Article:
In Brief

Two-thirds of boys and three-fourths of girls in juvenile detention have one or more psychiatric disorders, according to research by Linda A. Teplin, PhD, of Northwestern University, and colleagues, published in the Archives of General Psychiatry (Vol. 59, No. 12).

"For years, people have speculated that juvenile justice is a dumping ground for kids who could be better treated in the mental health system," Teplin says. Moreover, she says that her study--funded by a consortium of federal agencies and private foundations, including the National Institutes of Health, the Office of Juvenile Justice and Delinquency Prevention, the Substance Abuse and Mental Health Services Administration, the Centers for Disease Control and Prevention, the Robert Wood Johnson Foundation and the William T. Grant Foundation--indicates the speculation may be correct.

"To our knowledge, this is the first large-scale study of mental health needs in detained kids," says Teplin. "It fills a hole in the literature. Until now, we knew a lot about who becomes delinquent but there were few studies of the health needs and outcomes of kids once they got into the juvenile justice system."

More than 109,000 youth are in U.S. juvenile facilities on an average day, according to the U.S. Department of Justice. Of that number, more than 60 percent are racial or ethnic minorities and come from low-income families. Youngsters with psychiatric disorders, especially minorities, may fall between the cracks into the juvenile justice net, says Teplin. This suggests there may be substantial health disparities in the community, she adds. The researchers studied prevalence rates of psychiatric disorders in 1,829 ethnically diverse teenagers between the ages of 10 and 18 in Chicago's Cook County Juvenile Temporary Detention Center.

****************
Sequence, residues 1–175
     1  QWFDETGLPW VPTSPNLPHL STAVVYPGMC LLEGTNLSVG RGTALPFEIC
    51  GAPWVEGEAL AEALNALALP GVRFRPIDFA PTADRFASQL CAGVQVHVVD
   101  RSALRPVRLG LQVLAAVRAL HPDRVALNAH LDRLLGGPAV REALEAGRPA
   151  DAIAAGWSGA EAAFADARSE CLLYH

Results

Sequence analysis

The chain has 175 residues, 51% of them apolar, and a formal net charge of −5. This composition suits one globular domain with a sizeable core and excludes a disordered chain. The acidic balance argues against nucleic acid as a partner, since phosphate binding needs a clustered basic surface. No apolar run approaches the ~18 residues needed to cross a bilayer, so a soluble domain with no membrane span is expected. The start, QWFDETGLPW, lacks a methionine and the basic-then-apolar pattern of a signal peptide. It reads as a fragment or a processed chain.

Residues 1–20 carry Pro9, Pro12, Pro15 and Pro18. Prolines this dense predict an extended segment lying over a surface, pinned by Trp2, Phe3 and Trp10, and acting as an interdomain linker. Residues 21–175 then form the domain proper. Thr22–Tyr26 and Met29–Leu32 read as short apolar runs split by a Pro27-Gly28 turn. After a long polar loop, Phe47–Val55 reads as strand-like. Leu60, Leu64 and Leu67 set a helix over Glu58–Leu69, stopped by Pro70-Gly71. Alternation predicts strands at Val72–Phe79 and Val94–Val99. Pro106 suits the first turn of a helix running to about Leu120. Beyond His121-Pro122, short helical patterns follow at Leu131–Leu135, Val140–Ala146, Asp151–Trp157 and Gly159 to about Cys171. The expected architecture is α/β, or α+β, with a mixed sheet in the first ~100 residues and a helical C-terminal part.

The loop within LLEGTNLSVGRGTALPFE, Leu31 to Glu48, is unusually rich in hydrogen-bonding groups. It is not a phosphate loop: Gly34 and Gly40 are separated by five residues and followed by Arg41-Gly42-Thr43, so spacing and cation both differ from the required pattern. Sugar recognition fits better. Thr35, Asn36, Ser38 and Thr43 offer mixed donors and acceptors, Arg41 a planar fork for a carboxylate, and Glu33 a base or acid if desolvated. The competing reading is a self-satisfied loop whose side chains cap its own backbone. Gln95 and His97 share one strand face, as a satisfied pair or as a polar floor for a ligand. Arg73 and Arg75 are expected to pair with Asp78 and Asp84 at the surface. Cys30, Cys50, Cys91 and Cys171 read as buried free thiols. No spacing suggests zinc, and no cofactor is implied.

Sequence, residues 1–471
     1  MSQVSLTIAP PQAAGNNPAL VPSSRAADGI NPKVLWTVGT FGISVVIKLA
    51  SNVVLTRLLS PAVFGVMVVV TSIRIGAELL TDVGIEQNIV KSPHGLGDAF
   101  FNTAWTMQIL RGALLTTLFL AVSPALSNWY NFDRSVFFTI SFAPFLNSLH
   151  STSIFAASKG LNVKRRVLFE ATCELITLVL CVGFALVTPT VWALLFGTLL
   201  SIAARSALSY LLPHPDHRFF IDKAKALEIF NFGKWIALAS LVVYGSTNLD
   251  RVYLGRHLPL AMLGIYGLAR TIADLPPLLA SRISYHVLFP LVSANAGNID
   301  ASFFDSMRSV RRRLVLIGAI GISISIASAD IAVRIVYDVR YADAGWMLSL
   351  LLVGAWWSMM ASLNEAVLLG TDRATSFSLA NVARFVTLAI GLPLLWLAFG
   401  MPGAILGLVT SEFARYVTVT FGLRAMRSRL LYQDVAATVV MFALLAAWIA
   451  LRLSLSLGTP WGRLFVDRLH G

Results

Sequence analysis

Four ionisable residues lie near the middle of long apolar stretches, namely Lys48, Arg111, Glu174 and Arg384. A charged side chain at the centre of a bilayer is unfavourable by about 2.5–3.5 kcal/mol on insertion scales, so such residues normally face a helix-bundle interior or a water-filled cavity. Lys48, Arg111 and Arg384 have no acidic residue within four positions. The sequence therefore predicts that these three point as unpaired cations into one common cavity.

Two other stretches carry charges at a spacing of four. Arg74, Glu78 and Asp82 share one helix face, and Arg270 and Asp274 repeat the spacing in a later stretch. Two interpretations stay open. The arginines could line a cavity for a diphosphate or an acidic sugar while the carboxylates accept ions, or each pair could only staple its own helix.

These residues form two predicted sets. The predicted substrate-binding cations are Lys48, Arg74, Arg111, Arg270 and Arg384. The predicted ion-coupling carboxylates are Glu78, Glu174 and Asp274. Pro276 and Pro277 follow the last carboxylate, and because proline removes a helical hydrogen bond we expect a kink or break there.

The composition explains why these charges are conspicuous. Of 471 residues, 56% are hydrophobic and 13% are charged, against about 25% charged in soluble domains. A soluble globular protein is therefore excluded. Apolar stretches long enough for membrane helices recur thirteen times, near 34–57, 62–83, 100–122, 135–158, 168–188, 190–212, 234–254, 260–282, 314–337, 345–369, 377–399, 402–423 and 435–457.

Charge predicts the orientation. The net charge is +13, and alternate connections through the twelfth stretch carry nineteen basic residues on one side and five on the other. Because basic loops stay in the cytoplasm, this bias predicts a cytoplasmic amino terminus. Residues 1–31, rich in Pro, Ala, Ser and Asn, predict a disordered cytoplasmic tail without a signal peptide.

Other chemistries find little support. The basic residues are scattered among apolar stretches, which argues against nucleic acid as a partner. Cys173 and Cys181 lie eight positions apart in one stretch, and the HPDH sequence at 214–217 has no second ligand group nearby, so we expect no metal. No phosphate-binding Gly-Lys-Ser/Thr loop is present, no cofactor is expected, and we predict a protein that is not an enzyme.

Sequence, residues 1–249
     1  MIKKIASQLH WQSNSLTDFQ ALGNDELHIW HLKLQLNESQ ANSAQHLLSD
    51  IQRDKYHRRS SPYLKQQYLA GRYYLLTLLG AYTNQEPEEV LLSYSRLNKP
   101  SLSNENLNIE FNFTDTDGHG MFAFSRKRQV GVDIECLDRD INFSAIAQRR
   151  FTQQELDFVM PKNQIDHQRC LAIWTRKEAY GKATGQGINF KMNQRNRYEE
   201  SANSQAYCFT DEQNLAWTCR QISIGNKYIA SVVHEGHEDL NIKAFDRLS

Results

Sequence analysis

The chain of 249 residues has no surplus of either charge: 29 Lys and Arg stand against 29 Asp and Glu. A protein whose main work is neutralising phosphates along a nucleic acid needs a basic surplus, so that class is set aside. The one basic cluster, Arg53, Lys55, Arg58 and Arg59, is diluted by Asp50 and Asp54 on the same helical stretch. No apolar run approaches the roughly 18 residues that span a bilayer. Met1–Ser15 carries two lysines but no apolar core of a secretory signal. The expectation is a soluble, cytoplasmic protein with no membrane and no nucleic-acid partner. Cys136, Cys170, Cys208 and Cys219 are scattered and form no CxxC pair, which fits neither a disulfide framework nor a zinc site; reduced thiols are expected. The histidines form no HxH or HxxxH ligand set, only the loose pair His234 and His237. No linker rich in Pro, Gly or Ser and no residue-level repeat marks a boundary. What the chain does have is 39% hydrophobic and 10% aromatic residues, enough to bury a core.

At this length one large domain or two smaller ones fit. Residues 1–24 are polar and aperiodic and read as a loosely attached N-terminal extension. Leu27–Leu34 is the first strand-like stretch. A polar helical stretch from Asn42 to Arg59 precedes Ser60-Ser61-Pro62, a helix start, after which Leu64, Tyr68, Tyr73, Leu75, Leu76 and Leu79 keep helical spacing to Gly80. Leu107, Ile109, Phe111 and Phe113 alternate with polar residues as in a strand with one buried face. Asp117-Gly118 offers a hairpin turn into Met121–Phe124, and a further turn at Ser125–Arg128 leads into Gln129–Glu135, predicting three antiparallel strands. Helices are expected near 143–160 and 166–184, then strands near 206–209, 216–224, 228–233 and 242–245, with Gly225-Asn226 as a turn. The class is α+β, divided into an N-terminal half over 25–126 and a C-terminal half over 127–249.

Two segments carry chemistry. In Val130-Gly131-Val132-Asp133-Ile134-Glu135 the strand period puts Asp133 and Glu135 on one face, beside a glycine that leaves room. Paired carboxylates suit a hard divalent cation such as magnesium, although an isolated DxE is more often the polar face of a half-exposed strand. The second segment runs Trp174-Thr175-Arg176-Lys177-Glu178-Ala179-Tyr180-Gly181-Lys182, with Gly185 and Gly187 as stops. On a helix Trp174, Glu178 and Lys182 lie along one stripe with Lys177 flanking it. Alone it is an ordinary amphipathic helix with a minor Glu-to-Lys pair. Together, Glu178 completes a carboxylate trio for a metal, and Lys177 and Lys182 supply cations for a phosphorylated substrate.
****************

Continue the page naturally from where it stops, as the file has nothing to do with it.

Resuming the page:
The study found that one half of males and almost one half of females had a substance use disorder. More than 40 percent of males and females met criteria for disruptive behavior disorders and 20 percent of females met criteria for major depressive disorders. Teplin and colleagues say they are especially concerned about the high rates of depression and dysthymia in detained youth. Approximately 17.2 percent of males and 26.3 percent of females experience these disorders. Prevalence rates of many disorders are higher among females, the researchers found.

"Without better access to health-care system services during detention and upon release, teenagers with psychiatric disorders will continue to experience these problems," according to Teplin's colleague and co-author of the study, Karen Abram, PhD, also of Northwestern University.

Teplin echoes Abram's critique. "We are concerned about the future. Each year, more than one million kids cycle through juvenile court. If we continue to cut services, these kids may be likely candidates for the adult justice system."

This paper is the first of what the researchers anticipate will be many. "We have an unprecedented opportunity to examine critical public health issues and outcomes in an exceptionally high-risk group of kids," Teplin notes.